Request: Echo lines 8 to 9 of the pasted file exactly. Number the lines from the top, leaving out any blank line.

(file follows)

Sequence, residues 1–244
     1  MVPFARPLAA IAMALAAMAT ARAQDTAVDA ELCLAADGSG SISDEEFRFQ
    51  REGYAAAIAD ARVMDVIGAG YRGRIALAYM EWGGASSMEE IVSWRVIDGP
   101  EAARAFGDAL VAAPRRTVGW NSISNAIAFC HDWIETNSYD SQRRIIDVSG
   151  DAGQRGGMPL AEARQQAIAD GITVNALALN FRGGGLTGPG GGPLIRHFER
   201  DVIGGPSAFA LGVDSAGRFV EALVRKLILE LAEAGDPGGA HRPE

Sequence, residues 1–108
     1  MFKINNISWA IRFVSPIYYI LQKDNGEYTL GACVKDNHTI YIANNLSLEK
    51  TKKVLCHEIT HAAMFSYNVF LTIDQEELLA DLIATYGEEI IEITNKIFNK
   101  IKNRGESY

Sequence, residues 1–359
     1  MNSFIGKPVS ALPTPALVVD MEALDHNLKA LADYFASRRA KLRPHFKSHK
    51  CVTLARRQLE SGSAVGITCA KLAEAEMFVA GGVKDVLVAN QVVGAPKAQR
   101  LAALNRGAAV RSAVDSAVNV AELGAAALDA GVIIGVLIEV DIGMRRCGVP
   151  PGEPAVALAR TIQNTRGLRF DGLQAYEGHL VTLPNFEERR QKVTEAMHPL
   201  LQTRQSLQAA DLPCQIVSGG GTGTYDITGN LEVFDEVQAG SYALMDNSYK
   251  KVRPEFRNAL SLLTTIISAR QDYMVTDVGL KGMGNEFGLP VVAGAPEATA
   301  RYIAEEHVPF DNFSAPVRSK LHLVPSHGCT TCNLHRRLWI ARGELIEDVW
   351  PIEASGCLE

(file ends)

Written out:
     1  MFKINNISWA IRFVSPIYYI LQKDNGEYTL GACVKDNHTI YIANNLSLEK
    51  TKKVLCHEIT HAAMFSYNVF LTIDQEELLA DLIATYGEEI IEITNKIFNK